Skip Nav

The Office Spinoff Lives! Plus More From NBC

It's the last day of sessions here at the TCA press tour, and it's NBC's turn to hawk its wares. Just a few minutes ago, NBC Entertainment Co-Chairman Ben Silverman took the stage to clarify a few things about The Office spinoff (and not-spinoff), the network's plans for late night, and more. Some highlights:


  • First and foremost: The show in which Amy Poehler was recently cast is not a spinoff of The Office. "Amy's character will never appear inside The Office world," Silverman said. Though the shows will be stylistically and creatively similar (in that Greg Daniels and Michael Schur will be behind both of them), "the show is not set up to emanate directly from The Office."
  • There is still the possibility of such a spinoff, though. When Daniels and Schur were developing concepts, they came up with two, Silverman said: One that would start inside The Office and one that was completely outside of it. When it looked like Amy Poehler could be available, they put all their energy into pursuing her for the non-spinoff show, which made it the top priority. But the true spinoff could still exist, "maybe involving characters that are already inside The Office," Silverman said.
  • As for details on either show? Not so much getting into those (including a title, a concept, or any other basics) — though there was a promise that Daniels, Schur, and Poehler would release more details soon. The one nugget of info is that because of Poehler's pregnancy, her show — which had been pegged for the post-Super Bowl time slot — will likely premiere in March instead. No idea what's going after the Super Bowl just yet.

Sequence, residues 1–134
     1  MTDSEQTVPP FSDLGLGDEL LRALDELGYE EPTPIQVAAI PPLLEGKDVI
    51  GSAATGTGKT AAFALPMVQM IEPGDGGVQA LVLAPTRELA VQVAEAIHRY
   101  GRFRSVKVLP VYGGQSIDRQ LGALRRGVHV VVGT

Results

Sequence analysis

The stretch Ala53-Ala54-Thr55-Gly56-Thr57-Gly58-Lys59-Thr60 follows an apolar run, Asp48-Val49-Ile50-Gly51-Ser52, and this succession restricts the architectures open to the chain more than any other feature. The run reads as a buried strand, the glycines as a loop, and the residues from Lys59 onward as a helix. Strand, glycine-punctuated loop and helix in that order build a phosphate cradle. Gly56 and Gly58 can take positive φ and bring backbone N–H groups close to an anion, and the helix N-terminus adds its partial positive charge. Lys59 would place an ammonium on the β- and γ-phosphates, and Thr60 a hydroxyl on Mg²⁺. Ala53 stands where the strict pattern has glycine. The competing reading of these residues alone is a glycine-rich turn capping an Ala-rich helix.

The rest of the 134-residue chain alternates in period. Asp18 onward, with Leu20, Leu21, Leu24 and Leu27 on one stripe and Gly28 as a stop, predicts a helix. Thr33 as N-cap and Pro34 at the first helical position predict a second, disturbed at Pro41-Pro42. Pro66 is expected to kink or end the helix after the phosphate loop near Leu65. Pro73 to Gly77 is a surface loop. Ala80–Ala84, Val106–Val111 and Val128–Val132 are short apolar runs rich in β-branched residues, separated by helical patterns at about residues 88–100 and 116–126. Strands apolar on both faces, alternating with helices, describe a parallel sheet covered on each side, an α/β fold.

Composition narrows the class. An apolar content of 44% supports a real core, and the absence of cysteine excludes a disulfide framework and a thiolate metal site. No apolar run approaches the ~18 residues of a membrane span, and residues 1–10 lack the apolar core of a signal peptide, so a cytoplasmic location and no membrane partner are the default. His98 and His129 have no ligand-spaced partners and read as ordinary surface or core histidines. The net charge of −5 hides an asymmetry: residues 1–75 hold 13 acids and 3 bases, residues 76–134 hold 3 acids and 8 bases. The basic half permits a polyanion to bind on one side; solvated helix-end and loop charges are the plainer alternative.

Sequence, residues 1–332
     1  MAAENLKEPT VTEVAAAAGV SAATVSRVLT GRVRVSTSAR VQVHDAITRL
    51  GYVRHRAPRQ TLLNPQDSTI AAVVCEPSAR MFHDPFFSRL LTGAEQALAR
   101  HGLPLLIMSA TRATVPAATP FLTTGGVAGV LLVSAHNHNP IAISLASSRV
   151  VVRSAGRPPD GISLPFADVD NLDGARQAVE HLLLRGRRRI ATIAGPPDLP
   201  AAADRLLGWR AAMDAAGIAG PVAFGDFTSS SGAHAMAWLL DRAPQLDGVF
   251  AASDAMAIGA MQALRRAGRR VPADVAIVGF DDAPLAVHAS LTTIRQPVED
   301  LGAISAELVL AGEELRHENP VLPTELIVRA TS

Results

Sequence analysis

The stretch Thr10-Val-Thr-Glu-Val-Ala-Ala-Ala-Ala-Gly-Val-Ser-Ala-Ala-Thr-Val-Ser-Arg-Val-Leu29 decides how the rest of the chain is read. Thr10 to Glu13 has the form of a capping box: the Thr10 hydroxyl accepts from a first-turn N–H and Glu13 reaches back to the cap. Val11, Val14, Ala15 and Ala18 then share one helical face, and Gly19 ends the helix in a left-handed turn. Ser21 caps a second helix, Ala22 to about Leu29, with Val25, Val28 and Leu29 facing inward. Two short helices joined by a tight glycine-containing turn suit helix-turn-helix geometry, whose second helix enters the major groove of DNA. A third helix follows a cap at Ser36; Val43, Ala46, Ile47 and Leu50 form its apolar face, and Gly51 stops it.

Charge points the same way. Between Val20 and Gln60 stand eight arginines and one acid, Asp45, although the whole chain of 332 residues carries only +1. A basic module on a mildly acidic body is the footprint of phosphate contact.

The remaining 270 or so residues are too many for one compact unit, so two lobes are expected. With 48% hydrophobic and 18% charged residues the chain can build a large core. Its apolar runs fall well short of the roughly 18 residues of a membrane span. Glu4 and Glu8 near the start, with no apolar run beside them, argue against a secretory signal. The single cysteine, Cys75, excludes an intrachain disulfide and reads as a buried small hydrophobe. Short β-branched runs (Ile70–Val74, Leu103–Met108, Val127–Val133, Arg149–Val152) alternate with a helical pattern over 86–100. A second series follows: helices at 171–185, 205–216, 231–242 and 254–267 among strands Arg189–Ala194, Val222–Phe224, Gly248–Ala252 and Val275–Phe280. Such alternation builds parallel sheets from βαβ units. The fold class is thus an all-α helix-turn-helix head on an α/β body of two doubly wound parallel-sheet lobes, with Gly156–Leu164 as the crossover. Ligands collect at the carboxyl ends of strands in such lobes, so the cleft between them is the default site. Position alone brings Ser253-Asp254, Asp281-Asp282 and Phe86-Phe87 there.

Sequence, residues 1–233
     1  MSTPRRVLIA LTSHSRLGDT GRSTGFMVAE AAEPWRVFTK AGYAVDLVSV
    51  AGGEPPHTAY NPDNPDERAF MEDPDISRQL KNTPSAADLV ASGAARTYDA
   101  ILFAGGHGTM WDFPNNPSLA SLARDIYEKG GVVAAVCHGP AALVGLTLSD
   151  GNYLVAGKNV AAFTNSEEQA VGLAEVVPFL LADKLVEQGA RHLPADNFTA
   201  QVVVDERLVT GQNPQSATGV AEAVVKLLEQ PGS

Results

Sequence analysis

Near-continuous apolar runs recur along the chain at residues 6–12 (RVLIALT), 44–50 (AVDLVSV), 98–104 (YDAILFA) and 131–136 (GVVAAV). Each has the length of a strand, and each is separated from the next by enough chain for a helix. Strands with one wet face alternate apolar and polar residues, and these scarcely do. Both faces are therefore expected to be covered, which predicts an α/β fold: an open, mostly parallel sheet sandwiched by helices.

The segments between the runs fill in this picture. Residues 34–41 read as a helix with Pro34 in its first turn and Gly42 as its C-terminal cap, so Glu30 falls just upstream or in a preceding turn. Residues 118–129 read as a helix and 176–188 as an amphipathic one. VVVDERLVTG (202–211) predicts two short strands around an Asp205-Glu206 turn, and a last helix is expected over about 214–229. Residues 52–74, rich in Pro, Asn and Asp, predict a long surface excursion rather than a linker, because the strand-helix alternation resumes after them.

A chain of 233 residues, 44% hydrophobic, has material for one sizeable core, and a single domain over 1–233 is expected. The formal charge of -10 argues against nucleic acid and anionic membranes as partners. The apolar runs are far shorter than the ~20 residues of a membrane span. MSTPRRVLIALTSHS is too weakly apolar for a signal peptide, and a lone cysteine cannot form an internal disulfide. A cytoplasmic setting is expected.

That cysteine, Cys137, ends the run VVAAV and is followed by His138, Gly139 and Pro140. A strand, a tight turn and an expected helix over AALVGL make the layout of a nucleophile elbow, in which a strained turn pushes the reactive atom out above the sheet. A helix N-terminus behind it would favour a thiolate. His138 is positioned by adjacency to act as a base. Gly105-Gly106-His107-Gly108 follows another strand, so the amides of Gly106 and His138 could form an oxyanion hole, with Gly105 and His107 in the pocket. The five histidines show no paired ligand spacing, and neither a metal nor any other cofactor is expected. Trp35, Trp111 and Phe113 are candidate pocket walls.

• This season will feature "26 to 28 awesome episodes of Heroes" — which we're finally getting some glimpses of. "This 'Villains' storyline that [Tim Kring] has introduced is just awesome," Silverman said. "It's really compelling — just big, fun, accessible stuff."

Some more — including about the Jay Leno/Jimmy Fallon/Conan O'Brien transition — if you read more.

  • Jay Leno's last show as the host of The Tonight Show will be May 29, 2009, with Conan O'Brien stepping into the chair on June 1. Conan's stint on Late Night will end sometime in the first three months of 2009, while the target for Fallon to appear on air is sometime around March or April. Fallon will prepare by doing online mini-episodes for a few months before the show launches.
  • Meanwhile, NBC still hasn't ruled out finding a way to get Leno to stay, despite a story last week that quoted him saying he was "definitely done next year" with NBC.
  • Silverman's co-chairman, Marc Graboff, said NBC was committed to airing Friday Night Lights no matter what — even if much of the audience has already watched on DirecTV or another way. (Graboff and Silverman also didn't accept that "another way" of downloading unlicensed versions of the show online might flourish, though, saying they'd be able to control it. We'll see about that.)
  • Last year, NBC tried sci-fi Mondays with Chuck, Heroes, and Journeyman. This year, it's all about "a kind of male hero sandwich," Silverman said, with the Christian Slater-starring My Own Worst Enemy taking over the old Journeyman slot. Before Enemy premieres, though, the Friday night series Life will get a couple of airings after Heroes to try to reset the season and attract an audience.
  • Little switcheroo in the Thursday comedy schedule: The new series Kath and Kim will follow My Name is Earl, with 30 Rock returning to the spot after The Office at 9:30.

Source and Source

Latest Entertainment